While a low-carbohydrate diet craze may be sweeping the nation, a federal advisory committee's deliberations this week are likely to soon guide consumers back to eating more fruit and vegetables, whole grains, milk products, and fish -- and getting much more exercise -- to hold down their weight and reduce the risk of chronic disease.

The U.S. Dietary Guidelines Advisory Committee spent three days this week hammering out more than two dozen nutritional and physical activity statements that are likely to form the basis of the next U.S. Dietary Guidelines, the official blueprint for what Americans are urged to eat for good health.

"I'm pleased that the committee stuck with the science and stayed with it throughout," said Eric J. Hentges, the director of the Center for Nutrition Policy and Promotion at the Department of Agriculture, which is overseeing the committee with the Department of Health and Human Services. "Debating the science will give us the information to make policy decisions and implement them as well as to help make behavioral changes in Americans."

While the committee's deliberations are just one step in a long process scheduled to conclude in January, their conclusions are likely to point consumers toward adding healthful food to their diet and cutting back on fare that is high in calories, fat and sodium. The USDA and HHS are scheduled to review the committee's final report, expected in August, and use it to update the next set of dietary guidelines, scheduled for release in January.

Of particular concern to the 13-member committee are findings of national food surveys showing that adults aren't consuming enough food rich in vitamins A, C and E as well as folate, calcium, magnesium, zinc, potassium and fiber. Children are falling short on vitamin E, folic acid, calcium, magnesium, potassium and fiber.

The members concluded that eating a wide variety of food, especially fruit and vegetables, whole grains, milk products, and meat and other protein sources is important to meeting basic nutritional requirements. They found that diets rich in dietary fiber can reduce the risk of coronary disease and said that individuals should consume about 14 grams of dietary fiber for every 1,000 calories eaten. That works out to about 28 grams of fiber a day for most women and about 35 grams for most men.

Because intake of cholesterol, saturated fat and trans fats has been linked to heart disease, the committee said consumption of foods with these ingredients should be kept low. In particular, they advised limiting trans fats, which are found in such foods as margarine, many baked goods and frosting, to less than 1 percent of total calories. People with healthy levels of the most dangerous form of cholesterol -- low-density lipoprotein (LDL) -- and children were advised to eat no more than 300 milligrams daily of cholesterol, about the amount found in one egg yolk. Those with elevated LDL need to consume no more than 200 milligrams per day of cholesterol.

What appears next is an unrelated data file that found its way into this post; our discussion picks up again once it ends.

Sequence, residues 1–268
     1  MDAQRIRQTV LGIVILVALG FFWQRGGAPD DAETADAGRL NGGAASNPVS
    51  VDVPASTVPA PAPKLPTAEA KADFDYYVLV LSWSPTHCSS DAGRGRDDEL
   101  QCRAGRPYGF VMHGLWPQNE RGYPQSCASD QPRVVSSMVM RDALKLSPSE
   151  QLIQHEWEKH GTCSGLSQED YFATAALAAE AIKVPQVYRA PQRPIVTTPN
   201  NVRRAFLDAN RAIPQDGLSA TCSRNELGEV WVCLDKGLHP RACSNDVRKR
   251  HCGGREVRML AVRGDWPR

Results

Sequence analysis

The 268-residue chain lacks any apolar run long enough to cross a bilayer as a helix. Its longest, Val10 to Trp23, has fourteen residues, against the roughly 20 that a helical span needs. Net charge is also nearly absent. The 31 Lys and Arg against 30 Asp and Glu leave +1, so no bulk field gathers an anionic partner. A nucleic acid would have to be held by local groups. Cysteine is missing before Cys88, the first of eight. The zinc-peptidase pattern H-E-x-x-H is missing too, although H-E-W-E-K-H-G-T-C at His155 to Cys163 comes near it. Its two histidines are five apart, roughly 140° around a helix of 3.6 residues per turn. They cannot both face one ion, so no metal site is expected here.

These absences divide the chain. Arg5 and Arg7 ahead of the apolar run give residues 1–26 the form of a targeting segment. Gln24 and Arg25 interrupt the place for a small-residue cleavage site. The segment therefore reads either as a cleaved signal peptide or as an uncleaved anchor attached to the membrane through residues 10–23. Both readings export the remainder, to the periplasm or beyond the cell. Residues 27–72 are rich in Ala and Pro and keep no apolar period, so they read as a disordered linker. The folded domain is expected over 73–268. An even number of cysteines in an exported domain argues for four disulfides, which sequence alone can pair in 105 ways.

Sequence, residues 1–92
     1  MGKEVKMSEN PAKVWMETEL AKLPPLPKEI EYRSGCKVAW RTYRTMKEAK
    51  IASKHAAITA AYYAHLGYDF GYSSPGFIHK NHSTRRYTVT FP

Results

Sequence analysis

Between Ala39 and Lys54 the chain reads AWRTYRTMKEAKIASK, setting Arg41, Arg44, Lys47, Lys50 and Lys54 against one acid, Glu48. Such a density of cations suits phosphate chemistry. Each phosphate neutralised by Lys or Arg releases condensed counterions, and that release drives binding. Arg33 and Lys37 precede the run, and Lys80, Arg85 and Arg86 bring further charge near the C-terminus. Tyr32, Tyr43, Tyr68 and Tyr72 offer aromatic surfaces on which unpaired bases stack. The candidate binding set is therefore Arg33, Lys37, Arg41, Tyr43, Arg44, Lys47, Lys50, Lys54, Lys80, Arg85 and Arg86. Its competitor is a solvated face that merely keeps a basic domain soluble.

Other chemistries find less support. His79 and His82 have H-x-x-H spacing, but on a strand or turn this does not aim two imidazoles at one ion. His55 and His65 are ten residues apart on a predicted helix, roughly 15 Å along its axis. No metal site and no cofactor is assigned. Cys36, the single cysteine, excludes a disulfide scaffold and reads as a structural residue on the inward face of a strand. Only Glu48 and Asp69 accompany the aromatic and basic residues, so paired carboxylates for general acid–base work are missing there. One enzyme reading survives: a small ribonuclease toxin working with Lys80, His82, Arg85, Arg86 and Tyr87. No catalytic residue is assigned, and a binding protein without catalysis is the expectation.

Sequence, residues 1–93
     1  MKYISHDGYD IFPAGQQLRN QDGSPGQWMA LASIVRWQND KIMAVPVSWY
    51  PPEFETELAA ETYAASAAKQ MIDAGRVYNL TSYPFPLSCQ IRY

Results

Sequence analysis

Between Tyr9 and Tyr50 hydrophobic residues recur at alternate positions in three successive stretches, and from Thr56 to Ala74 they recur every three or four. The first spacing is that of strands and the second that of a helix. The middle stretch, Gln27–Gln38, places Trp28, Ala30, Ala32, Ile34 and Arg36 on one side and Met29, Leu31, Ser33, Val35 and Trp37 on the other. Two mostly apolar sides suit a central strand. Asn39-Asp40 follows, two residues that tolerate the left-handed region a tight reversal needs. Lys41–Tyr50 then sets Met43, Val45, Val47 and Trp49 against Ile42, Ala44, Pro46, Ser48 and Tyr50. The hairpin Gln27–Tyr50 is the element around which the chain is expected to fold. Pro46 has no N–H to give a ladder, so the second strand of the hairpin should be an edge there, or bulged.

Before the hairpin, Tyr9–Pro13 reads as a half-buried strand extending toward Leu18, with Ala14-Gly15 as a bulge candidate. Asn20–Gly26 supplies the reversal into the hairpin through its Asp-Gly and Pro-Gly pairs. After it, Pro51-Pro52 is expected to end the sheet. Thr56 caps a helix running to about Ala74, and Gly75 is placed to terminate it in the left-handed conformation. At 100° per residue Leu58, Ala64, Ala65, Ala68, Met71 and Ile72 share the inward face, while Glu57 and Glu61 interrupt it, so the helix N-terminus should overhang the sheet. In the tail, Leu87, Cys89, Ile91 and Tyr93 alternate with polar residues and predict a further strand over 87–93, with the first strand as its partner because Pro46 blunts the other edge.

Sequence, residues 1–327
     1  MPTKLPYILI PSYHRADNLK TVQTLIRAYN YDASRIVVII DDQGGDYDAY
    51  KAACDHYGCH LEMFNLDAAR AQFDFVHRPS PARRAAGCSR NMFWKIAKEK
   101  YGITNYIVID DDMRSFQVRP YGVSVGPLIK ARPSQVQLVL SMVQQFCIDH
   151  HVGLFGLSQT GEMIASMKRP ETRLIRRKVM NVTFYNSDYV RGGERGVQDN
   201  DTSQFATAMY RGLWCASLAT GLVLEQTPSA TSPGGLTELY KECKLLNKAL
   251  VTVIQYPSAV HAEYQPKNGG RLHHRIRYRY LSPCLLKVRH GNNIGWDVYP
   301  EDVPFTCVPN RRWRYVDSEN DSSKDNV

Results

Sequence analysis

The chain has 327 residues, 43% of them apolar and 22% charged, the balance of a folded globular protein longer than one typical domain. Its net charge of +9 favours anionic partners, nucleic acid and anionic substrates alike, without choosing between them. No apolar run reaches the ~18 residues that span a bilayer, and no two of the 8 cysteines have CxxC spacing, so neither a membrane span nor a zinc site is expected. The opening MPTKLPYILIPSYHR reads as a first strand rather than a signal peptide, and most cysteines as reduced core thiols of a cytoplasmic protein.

If incorporated into the final guidelines, the recommendations could mean that as many as half of men ages 35 and older and half of women 45 years and older will be advised to reduce their intake of cholesterol-rich food, said one committee member, who asked not to be named.

Among the committee's other conclusions is that most Americans should get more vitamin D to improve bone health and perhaps reduce the risk of some types of cancer. This would probably result in recommendations to consume more fortified food such as milk and milk products or to take dietary supplements. The committee also found strong scientific evidence that eating healthy fats, especially those found in fatty, deep-water fish, such as salmon, can help reduce cardiovascular risk.

Regular physical activity "reduces the risk for the development of chronic diseases and is essential to the maintenance of a healthy weight," the committee found, noting that 30 minutes per day of at least moderate exercise provides important health benefits.

Those who want to lose pounds -- or want to keep off the weight they have shed -- may need even more. The committee said that many adults may require up to 60 minutes per day to prevent unhealthy weight gain. Sixty minutes daily was also found important for children.

The most contentious scientific debate erupted over whether food and beverages with added sugar, such as soft drinks, contribute to weight gain and fuel the obesity epidemic.

The committee stopped short of naming sugar-sweetened drinks specifically as a contributor to weight gain but adopted a statement saying: "When individuals consume food or beverages that are high in added sugars, there is strong documentation that they also consume more energy than those who consume low amounts of added sugars. There is evidence that sugar-sweetened beverages are not as well regulated as calories in the solid form."